Another question is how much heatsinking is actually required: you bascially measure the temperature difference between the sides of the TEC, so if the cold side warms up a bit, so will the warm side at continuous laser power.

If this amounts to only a few degrees nothing will change in the reading.

Realistically this type of meter should also display -negative- power when you remove the laser light and the heatsink is now warmer than the sensor surface. I know this is prevented in software in virtually all such meters, but if you look at the raw voltages from the TEC it's there.

Biggest worry is the coating though - it could be okay for lasers up to a watt or two focussed to infinity with a reasonably wide beam, but the 10 or 15 watt claim is not realistic in practical application.

I'd say realistic use of an LPM would be someone grabbing some blu ray diode, putting it at a module, focus an infinity and measure it like that. You need a pretty good coating to deal with that though, at a few watts the light is intense enough to light a cigarette at close range.
 

lasersbee

Well-known member
Joined
Sep 20, 2008
Messages
17,447
Likes
1,554
Points
113
I'm not overly convinced that thermal compound has to be bad though. There are thermally conductive compounds on the market that set into a sort of rubbery state but conduct heat fairly well... at least if you use it in very thin layers like you would heat conductive paste.

Another question is how much heatsinking is actually required: you bascially measure the temperature difference between the sides of the TEC, so if the cold side warms up a bit, so will the warm side at continuous laser power.

If this amounts to only a few degrees nothing will change in the reading.

Realistically this type of meter should also display -negative- power when you remove the laser light and the heatsink is now warmer than the sensor surface. I know this is prevented in software in virtually all such meters, but if you look at the raw voltages from the TEC it's there.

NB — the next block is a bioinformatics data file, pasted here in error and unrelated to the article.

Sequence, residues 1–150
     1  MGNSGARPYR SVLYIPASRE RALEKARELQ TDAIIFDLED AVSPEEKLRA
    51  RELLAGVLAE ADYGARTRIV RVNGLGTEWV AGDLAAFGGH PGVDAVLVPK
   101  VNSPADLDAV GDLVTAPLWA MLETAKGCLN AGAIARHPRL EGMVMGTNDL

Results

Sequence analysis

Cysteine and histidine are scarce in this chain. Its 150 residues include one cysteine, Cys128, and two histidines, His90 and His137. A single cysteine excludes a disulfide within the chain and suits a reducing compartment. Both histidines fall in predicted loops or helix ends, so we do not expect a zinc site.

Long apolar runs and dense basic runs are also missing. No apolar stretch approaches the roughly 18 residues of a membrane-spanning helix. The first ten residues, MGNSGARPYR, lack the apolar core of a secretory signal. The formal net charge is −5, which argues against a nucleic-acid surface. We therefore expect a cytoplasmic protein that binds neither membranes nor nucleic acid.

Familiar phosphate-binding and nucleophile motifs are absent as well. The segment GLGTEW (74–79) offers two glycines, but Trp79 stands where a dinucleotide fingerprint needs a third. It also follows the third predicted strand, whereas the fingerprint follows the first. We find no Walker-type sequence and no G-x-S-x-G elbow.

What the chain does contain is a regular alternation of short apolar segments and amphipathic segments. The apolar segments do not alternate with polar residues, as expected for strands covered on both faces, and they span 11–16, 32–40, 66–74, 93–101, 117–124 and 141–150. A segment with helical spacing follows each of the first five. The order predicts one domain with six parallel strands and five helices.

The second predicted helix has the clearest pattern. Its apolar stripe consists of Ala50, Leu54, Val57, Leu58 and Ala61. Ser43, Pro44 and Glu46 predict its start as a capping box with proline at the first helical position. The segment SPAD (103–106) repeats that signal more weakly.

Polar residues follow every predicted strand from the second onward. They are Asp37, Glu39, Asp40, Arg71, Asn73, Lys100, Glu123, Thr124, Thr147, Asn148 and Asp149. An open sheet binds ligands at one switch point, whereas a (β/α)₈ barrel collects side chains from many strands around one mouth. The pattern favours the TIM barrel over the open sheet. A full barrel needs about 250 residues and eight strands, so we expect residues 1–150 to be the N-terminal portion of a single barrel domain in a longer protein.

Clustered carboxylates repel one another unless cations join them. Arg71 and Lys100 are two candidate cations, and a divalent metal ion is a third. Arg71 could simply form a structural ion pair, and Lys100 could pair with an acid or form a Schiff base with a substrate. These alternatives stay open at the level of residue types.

Biggest worry is the coating though - it could be okay for lasers up to a watt or two focussed to infinity with a reasonably wide beam, but the 10 or 15 watt claim is not realistic in practical application.

I'd say realistic use of an LPM would be someone grabbing some blu ray diode, putting it at a module, focus an infinity and measure it like that. You need a pretty good coating to deal with that though, at a few watts the light is intense enough to light a cigarette at close range.
I checked the white silicone used to hold/hide
the inside of the 15W LPM. It is the same as
was used to glue the TEC to the heatsink...
As far as I know Silicone rubber is a far cry
from proper Thermal Epoxy designed for such
a purpose.

The size of the Heatsink is very important to
keep it's temperature at ambient temperature
and allow any transferred heat from the active
sensor surface to dissipate to the surrounding
ambient temperature air before the sensor can
heat it up to skew the differential readings.

Our 10W Newport Thermopile aluminum head
weighs 155 gr. and measures 36.25mm thick
and 63mm diameter...